DR. GIBBONS: Well, the process of educating the politicians is sometimes — first of all, you have to approach them with some awe because they manage to get elected. And some of them never do anything more after that. (laughter) But it is tricky because these people face an enormous number of parameters they have to take into account when they make a decision. You know, oh, the French writer. His name floats in and out of my feeble head. It’ll come to me. But he helped — anyway, a famous Frenchman said that science says the last word on everything. Sorry. Science says the last word on everything and the final word on nothing in terms of action. All of these scientific deliberations, most of them, have to be taken into account. But there are so many other parameters, so many other variables. I could tell you horror stories about some decisions made at OMB in terms of where are we going to put this or that project that’s proposed by three different universities. And the other things they have to take into account when they were trying to make a decision about who ought to get the award. Sorry, it’s science has the first word on everything and the last word on nothing, is the quote. Yeah. So that’s my motto for tonight. Remember that we have very important things to say, but we’re trying to swim in a very large pond with some other big fish.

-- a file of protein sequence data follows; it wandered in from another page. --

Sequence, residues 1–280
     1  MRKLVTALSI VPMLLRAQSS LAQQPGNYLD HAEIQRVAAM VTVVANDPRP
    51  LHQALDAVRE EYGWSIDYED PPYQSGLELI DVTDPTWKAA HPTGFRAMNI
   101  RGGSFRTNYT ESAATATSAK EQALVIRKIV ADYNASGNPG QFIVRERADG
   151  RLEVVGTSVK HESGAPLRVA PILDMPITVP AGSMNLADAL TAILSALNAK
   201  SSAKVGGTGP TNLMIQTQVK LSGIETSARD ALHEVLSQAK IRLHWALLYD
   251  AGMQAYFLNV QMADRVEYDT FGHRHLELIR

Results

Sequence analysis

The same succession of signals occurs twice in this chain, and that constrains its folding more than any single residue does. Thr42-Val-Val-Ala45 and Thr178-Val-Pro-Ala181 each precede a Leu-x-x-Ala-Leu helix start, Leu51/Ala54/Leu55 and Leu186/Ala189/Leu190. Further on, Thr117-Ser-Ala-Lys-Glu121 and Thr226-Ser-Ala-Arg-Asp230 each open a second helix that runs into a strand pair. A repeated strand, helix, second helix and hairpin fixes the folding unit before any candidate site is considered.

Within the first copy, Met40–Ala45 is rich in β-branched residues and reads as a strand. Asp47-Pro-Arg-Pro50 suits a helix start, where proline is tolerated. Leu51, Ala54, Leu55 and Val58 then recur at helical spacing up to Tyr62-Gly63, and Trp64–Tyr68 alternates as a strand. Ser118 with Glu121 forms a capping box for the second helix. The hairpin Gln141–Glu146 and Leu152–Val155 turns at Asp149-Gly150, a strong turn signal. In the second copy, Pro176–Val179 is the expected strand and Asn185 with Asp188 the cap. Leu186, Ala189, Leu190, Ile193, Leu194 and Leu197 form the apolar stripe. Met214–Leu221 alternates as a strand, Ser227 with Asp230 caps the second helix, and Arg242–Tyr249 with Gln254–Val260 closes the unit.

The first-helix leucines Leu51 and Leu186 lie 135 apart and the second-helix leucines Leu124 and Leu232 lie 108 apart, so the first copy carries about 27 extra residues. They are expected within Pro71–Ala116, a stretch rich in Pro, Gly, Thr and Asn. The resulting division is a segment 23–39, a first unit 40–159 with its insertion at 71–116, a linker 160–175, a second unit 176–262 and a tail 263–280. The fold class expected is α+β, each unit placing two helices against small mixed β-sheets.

DR. PIELKE: On that note I think that’s — let’s thank Dr. Gibbons for a wonderful evening. (applause)
I can’t tell you how flattered I am that you came out on this night. (applause)
The Gibbons proceedings were transcribed from a digital recording and reduced to typewritten form.